Bulletin 19 March 2012Rotary Club Bali Ubud Sunset
Meeting every Monday at 5:30pm Maya Resort, Ubud “People need to be reminded more than they need to be instructed.”
– Samuel Johnson (1709 – 1784)
Attending: Bruce, Cheung Chu, Philip, Fred, Cat, Bill, Lloyd, Antje, Rucina, Mary Jane, Sue W, Mary Lee
Guests: Garret Kam (guest speaker), Jolanda McDonald, Judith Schneider, Bill Schneider, Rtn. Kasey Peterson [RC Incline Valley, just returned from Cuba which has changed a lot and become very tourist-oriented; American money is no longer needed there], Rico Peterson (husband of Kasey)
Announcements, C0rrespondence, Reports
Judith reported on the progress of Polio Plus: only 3 countries still have it (Afghanistan, Nigeria and Pakistan) and even those countries only reported single digit cases in the past year.
Bill/Sue W gave the club an update on the HIV AIDS research, with a special focus on sustainability. Our collaborator, Bali Peduli, is building a list of people/businesses that will commit to 3 year pledges to address this issue. La Lucciola which often holds fund raisers for the Kuta clinic at their restaurant, has already pledged.
Sue W reported that the workshop for Rotaracts has been delayed, so there is time to identify more participants. She asked club members to recommend potential new Rotaractors (aged 18 to 30), to Wayan Rustiasa / Fitri to join the workshop which will take place over 2 days, Saturday-Sunday between 9 and 5. There is no charge for the workshop. Date yet to be confirmed.
Rucina updated the club on the potential for a project addressing the child trafficking issue. Research is still at the nascent stage, but we agreed that the focus will be on education and awareness in targeted communities. She will meet soon with Arum and Alit from RC Niti Mandala to see how we can work together.
Cat talked about water and sanitation. RCBUS has an ongoing relationship with Project Hope in Sumba (a very effective and transparent NGO in Sumba). We fund them to built water tanks and dry toilets in very dry, poor areas. One tank costs USD 450 and a toilet USD 100. We give material to the villagers, and they supply the labour and wood. There is a great demand for the tanks and toilets and we have placed this project in the funding basket for donations.
Lloyd reminisceced about the charter night of our club at the Botanic Garden.
Judith told us of attending a charter event of a club in Guatemala in the middle of the jungle. There were only four English-speaking people there. The charter president was a young man of about 38 who had gone to Texas as a teen to attend high school but found he could not do so without a birth certificate. So he joined the army instead and became a driver for an officer who was a Rotarian, and attended Rotary meetings with him for 20 years. Returning to his village after retirement from the Army, this young man started a Rotary Club there. He believed that if his fellow villagers would embrace the principals of the Four Way Test, they could find a path out of the rampant corruption of their culture. We were all deeply touched by this story.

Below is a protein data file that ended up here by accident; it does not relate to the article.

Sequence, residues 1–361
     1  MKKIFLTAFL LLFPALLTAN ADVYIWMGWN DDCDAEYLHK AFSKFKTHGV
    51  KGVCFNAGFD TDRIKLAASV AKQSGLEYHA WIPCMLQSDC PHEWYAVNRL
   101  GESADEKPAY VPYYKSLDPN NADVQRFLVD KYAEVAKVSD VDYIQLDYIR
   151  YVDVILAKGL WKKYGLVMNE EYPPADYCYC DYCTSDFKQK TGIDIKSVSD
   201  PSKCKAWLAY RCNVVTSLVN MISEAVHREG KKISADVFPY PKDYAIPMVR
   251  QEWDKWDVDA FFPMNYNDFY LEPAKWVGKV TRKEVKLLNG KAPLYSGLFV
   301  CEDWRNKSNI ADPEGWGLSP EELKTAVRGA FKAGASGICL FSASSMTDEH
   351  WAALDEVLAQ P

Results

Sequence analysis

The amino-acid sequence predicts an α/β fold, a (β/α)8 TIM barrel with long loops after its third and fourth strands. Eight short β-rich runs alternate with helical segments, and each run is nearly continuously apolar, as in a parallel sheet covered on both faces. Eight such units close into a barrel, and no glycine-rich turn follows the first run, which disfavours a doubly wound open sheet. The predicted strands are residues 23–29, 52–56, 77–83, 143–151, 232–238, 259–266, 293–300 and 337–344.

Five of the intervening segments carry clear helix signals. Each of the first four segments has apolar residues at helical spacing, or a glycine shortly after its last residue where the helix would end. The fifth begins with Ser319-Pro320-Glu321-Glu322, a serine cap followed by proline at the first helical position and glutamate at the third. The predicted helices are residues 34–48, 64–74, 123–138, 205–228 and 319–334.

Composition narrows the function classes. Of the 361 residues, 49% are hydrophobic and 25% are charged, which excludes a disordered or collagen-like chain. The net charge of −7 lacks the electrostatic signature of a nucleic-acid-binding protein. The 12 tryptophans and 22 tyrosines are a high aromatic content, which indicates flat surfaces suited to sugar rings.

Sue W sought a club photographer to replace Antje who is returning to Germany for the summer. Kudos to Antje for doing such a fine job, we will miss her. Cat graciously volunteered to take over photo duties..
And Sue won the raffle – 2 packets of Starbucks coffee!.
Guest Speaker :
Garret Kam kindly agreed to be our speaker this week at only four hours notice and presented a fascinating slide show about his recent trip into Myanmar. As usual, Garrett’s powerful sense of observation and cultural sensitivity provided some interesting insights. He also pointed out some similarities between the Balinese and Myanmarese cultures. Myanmar is changing fast. Suu Kyi is free after 22 years of house arrest, and the government is allowing her to travel without restriction; her picture is openly for sale everywhere.
Garret showed photos taken in Swedagon Temple during the moon festival. It was a bit hard to capture the full effect because the temple is so vast and complex but we saw many gold Buddhas, grottoes and small temples. There was a fountain where people could bathe with the sign of their birth day with different symbols dividing the day and night (ie there are 8 symbols, with Wednesday split into the day ( with tusks) and night (without tusks).
A very large and busy temple fair was doing a brisk trade in photos of Suu Kyi and her father, wooden carvings, food and activities such as a manually operated ferris wheel, music shows and a cabaret. The offerings on the altars were very similar to Balinese offerings, using lots of folded coconut leaves.
Garret is a dancer, so he shared many dance performances with us. Many of the dancers were young men dressed as women. There was also a puppet show of the Ramayana story which included a young boy dancing as a puppet. The musical instruments (gongs and drums) were set in a circle instead of line as in Bali but were quite similar.
During the four hours Garret spent at the temple and fair, he saw only only saw five people smoking cigarettes, all the rest were chewing betel nut.
We also saw pictures of a ceremony for young children who will spend a mandatory 2 weeks in a monastery, and a kindergarten class of children who had been brought to the temple to pray together.
He also showed pictures taken in Bagan and Mandalay and gave us a demonstration of how to properly wear the Myanmarese longhi (sarong).Garret pointed out the absence of soldiers in the pictures, and mentioned the new freedom of speech he experienced during his visit. The election will take place April 1; let us all hope that this will become a positive new starting point for Myanmar and its people.by